Amaranth is often lumped into the “ancient grain” category, however, it’s not actually a grain, but a seed. One amaranth plant may produce as many as half a million seeds! This ancient grain-like seed has been used for thousands of years as a source of food and even used within religious rituals. It was a staple for the Aztecs.
These days, amaranth is beginning to regain popularity because it is not only gluten-free but also has an array of healthful properties…
A Powerful Protein Punch
Amaranth packs a powerful 26 grams of protein for one cup. This is very impressive when considering that there are only 13 grams of protein in rice.
Vitamins & Minerals in Amaranth
Continuing with the serving of one cup, amaranth also contains 15 milligrams of iron and is the only grain with a documented vitamin C content. It also contains a great deal of manganese and calcium, as well as more minor amounts of magnesium, potassium and phosphorus.
Amaranth is also a good source of lysine, which is an amino acid that helps the body to produce energy and build muscle. The amino acid peptide compounds in this seed are anti-inflammatory and can therefore help decrease the risk of heart conditions and many other illnesses that are aggravated by systemic inflammation.
Although gluten free, amaranth does contain small amounts of phytates, therefore soaking is recommended to begin the seeds’ germination process. This increases the nutrient availability as the body’s ability to absorb the nutrients is considerably increased. Simply place amaranth in a bowl with warm water and 2 teaspoons lemon. Soak overnight or up to 12 hours. Rinse, then cook as normal!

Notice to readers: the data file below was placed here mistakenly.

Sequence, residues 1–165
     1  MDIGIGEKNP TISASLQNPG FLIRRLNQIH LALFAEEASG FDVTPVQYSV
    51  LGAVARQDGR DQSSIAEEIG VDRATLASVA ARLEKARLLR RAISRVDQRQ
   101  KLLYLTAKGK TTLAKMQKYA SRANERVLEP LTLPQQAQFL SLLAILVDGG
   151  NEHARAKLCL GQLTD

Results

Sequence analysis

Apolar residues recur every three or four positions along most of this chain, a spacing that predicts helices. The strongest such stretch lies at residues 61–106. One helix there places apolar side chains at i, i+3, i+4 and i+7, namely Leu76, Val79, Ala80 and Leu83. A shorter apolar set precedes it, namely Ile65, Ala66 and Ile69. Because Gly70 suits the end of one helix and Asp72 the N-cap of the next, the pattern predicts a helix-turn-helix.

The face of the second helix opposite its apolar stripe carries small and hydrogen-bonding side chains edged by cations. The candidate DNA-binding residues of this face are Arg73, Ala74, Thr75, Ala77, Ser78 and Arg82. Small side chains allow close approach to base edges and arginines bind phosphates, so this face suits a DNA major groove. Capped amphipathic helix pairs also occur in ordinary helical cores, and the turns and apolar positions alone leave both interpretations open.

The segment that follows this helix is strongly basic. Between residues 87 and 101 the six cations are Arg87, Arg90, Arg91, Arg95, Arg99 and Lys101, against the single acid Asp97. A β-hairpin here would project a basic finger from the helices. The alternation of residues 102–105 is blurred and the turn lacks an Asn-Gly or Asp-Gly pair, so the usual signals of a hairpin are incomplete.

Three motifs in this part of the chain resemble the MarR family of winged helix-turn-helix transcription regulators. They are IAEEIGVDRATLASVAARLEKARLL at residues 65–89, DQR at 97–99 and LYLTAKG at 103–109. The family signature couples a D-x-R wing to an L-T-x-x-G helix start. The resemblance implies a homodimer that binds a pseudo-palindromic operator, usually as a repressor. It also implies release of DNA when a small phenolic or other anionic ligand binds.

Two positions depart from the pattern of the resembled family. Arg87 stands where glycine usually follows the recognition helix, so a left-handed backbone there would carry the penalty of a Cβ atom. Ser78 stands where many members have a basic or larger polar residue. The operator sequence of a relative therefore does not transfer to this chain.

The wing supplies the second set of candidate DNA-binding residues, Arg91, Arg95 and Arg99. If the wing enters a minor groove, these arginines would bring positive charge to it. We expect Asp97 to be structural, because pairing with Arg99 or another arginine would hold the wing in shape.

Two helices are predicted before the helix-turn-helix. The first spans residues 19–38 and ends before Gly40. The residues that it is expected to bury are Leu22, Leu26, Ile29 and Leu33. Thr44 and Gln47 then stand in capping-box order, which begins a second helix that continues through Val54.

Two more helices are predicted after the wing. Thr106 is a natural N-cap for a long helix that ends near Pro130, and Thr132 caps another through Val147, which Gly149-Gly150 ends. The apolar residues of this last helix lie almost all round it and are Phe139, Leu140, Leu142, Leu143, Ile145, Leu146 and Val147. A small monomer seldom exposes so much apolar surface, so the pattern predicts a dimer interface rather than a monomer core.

Why Choose Properly Prepared Whole Grains?
Many people shy away from grains, thinking that because they are carbohydrates they will elevate blood sugar levels and go straight to the hips as fat. This is true with refined grain products made from flour, but not so much with whole grains. When whole grains are soaked overnight and properly prepared they actually help the body to regulate blood sugar levels, reduce cholesterol, promote bowel regularity and detoxify the body. Adding a dollop of butter and a tad of cinnamon to your whole grains slows the release of sugar into the blood and increases mineral absorption.
Amaranth can be used like most other grains— as a breakfast porridge, in salads, soups, stews and even as a medium for puddings and deserts. It’s flour form can also be used to thicken sauces or gravies.
If you’re a rice or quinoa fanatic, it’s a really nice, healthy alternative… and if you’re a bread fanatic, try giving whole grains like amaranth a try! You’ll be doing your body a whole lot of good.
So, tell us, have you tried amaranth yet? What do you think?